...their balance sheet and their funding. So we're in a position to price competitively against the major banks for our partners. We we currently provide deposit accounts were an interact member so we can do the money transfer activities were on the Mastercard rails and we're building all the other a hefty bill payment deposit capture products to support that. And towards the end of the year we'll be launching our first credit products. And all of this is built on an entirely cloud based real time event driven system. It's all a. P. I. Exposed so it's easy for our distribution partners to embed that into their own existing app and their own existing user experience. Very interesting. So a broad set of offerings that goal to be the provider for everything in effect. Absolutely, we we we will continue to expand the range of our offering until we're providing the full range of banking services for consumers and eventually for small business as well. So why would a client want banking as a service versus some of the other business models that are in place today? Well, the, I think the already mentioned the issues around co branding and cross marketing. I think, you know, the the banks as they are, do have partnerships deals where they provide a banking products to people, but they, you know, have an interest in building their own brand and their own customer base and it's obviously rests on their legacy platform. So we're producing an offer which gets around that by being built on a modern platform and isn't a branded offering, it's purely white label. The other thing to say is that the people out there in the market who have gone about building their own banking offering or constructing and sort of banking service offering have had to construct it from a huge stack of suppliers. So when you think about the need to do everything from onboarding with ID verification and anti money laundering, accessing the credit bureaus, having a core banking platform, interacting with the payment providers in the different payment rails and the card issuers and the payment processes. And then on to all the back office pieces about running your own finance and Treasury functions, doing your clearing and settlement as somebody who's in a consumer retail business, that's an awful lot of providers to put together and figure out in order to create that banking offering what synaptic is bringing is all of that in one end to end package. So we've taken care of assembling all of those external providers. We've built an awful lot of the functionality ourselves on our own dedicated platform so that it's really easy for somebody who wants to offer banking products to their customers to plug in and do that without having to take on regulatory licenses, build a balance sheet, line up, you know, a dozen or more separate service providers. I think the other piece around this is obviously if...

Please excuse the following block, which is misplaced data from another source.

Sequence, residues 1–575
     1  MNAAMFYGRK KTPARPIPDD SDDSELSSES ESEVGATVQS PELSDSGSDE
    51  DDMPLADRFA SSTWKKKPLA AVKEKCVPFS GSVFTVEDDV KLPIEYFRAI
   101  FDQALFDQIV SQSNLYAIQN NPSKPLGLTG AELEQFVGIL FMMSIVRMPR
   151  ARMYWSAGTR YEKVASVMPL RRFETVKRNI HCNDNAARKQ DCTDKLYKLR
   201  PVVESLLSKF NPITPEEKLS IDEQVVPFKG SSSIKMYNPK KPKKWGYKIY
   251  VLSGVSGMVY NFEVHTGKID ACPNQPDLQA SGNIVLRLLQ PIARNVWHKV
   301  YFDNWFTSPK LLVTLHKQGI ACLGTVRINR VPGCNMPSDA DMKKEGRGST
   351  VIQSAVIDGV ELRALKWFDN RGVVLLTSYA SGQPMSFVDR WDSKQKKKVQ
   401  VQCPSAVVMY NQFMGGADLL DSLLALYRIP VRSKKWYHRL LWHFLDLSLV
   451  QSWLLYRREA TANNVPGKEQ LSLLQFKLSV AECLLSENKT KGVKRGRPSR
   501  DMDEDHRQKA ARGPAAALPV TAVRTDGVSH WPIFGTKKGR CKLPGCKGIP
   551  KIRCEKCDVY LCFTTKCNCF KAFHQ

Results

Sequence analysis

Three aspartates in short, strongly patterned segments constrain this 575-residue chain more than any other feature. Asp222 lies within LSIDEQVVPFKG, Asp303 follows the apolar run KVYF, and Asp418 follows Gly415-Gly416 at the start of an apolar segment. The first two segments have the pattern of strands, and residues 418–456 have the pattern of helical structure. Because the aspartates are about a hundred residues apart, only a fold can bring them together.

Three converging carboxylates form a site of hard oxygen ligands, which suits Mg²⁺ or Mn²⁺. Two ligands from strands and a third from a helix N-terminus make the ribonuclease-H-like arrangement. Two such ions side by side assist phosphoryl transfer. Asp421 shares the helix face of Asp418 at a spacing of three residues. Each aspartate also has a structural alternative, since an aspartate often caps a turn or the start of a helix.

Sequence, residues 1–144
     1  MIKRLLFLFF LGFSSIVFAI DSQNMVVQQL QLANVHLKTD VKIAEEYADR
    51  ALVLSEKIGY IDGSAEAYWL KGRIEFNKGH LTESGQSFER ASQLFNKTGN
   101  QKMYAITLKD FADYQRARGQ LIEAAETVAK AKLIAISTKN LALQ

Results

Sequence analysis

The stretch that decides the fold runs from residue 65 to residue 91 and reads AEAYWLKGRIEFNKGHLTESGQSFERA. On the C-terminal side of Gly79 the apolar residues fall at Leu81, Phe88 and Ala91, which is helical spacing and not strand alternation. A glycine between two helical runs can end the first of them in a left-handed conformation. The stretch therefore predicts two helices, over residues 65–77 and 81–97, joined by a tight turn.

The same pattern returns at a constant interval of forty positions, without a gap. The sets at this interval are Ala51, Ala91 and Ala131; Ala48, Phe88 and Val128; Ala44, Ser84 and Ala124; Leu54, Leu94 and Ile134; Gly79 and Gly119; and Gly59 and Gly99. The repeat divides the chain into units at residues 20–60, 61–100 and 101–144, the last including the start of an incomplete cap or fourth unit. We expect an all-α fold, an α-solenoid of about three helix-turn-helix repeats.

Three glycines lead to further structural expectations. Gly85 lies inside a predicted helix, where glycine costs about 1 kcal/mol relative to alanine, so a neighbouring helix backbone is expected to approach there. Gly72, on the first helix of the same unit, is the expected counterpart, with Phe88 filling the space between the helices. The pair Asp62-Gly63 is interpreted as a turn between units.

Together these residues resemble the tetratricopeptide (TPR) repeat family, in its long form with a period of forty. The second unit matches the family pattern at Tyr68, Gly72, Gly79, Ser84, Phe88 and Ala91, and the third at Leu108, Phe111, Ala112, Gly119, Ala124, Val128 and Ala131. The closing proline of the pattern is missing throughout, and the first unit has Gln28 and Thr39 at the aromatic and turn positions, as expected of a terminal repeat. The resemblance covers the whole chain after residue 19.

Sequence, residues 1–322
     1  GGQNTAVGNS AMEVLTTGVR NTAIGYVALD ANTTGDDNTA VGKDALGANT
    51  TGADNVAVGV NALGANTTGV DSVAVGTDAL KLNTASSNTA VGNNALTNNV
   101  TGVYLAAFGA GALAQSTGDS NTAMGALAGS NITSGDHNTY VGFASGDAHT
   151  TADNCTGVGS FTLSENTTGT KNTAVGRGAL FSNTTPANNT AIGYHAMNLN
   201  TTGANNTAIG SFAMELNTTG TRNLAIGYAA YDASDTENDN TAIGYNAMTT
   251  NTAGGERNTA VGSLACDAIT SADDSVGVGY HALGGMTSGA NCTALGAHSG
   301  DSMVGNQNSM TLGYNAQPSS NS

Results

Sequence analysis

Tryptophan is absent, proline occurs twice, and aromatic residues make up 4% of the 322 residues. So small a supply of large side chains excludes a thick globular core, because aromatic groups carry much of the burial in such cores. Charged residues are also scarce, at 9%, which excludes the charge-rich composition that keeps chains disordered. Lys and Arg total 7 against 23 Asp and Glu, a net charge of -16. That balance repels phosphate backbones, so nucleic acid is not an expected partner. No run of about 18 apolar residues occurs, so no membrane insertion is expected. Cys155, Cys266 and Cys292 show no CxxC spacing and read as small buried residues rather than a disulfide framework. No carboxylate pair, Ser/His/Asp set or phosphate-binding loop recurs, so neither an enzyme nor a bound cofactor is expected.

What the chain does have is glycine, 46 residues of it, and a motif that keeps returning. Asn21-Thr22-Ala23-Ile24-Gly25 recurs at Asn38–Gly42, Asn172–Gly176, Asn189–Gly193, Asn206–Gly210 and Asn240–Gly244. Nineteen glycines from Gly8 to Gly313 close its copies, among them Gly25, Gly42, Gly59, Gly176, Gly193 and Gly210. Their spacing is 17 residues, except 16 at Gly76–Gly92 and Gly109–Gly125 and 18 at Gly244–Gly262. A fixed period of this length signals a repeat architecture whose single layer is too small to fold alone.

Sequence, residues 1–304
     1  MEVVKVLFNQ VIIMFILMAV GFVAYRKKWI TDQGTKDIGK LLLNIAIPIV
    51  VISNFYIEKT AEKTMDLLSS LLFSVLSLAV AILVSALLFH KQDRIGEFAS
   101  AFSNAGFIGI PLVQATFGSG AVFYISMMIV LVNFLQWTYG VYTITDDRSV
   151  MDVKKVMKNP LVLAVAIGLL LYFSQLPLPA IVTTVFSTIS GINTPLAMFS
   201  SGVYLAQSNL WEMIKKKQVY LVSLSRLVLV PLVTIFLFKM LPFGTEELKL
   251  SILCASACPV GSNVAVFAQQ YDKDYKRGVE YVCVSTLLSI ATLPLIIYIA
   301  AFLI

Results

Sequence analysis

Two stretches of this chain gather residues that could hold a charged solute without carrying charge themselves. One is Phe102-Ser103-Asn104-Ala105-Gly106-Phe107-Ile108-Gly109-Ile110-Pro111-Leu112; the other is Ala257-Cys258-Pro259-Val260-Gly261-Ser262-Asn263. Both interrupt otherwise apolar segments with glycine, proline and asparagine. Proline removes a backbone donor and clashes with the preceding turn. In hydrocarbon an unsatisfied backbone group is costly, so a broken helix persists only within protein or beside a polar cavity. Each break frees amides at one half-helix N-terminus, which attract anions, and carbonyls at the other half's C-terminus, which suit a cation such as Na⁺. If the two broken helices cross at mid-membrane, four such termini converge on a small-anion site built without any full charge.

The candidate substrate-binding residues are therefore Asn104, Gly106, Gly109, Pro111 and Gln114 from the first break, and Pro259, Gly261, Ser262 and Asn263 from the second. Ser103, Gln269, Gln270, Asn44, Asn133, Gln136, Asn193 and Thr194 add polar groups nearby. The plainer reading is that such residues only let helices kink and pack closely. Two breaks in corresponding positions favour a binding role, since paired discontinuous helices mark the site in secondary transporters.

...you're wanting to offer banking services, trust and security are incredibly important to that offering. You know, it's a key marketing point of the existing Canadian banks and it's certainly something that consumers feel very strongly about if they're going to trust their money to you, they want to know that you're reliable. So, again, one of our advantages is as we build a purpose built platform, we've been able to design in things like security, privacy, data, security from the ground up. So that's all entirely integral to the way our platform is designed and built, rather than being something that we have to layer on top of an existing legacy system. The world is moving fast. It's difficult to keep up. Your executive team routinely needs new ideas to keep them ahead of the competition. Imagine having a plan in place in 30 days to focus your innovation efforts, improve customer experience, accelerate your move to digitization or increase speed to market. Our guide to accelerating your innovation agenda provides you with insights and time saving resources to plan your path forward, contact jerry to book a quick call or for your complimentary copy at www dot linkedin dot com backslash in backslash jerry Purcell, G E R R Y p U R C E L L or email jerry at jerry dot Purcell at innovation 3 60 group dot com. So when we start off on these kinds of initiatives, we often have a view of what we're trying to accomplish and and now you've got a year under your belt. What's changed in the way you look at your business. If anything? I think one of the things we, we we are fundamentally a technology company and uh, you know, a primary approach to this is one of building the right technological platform. I think one of the things that we've learned as we talk to potential partners out in the market is actually how much of the banking product we actually have to explain and sell. So you know, again, you know, people like you and me jerry spent many, many decades, I'm afraid in the banking industry are very familiar with the products, very familiar with how they work, very familiar with what the potential offerings are. Many of the potential partners aren't in financial services, they aren't in banking, they just know that they have a set of customer needs they would like to meet. So we've had to put a lot more time into working with potential partners around what those offerings might look like. Again, we have a broad range of capabilities on our platform. So, you know, we can we can do all sorts of things, but helping our partners figure out what the right offering for their customer base is. Something that we've, you know, we're learning to do a lot more of I think interestingly as well, I think if you'd...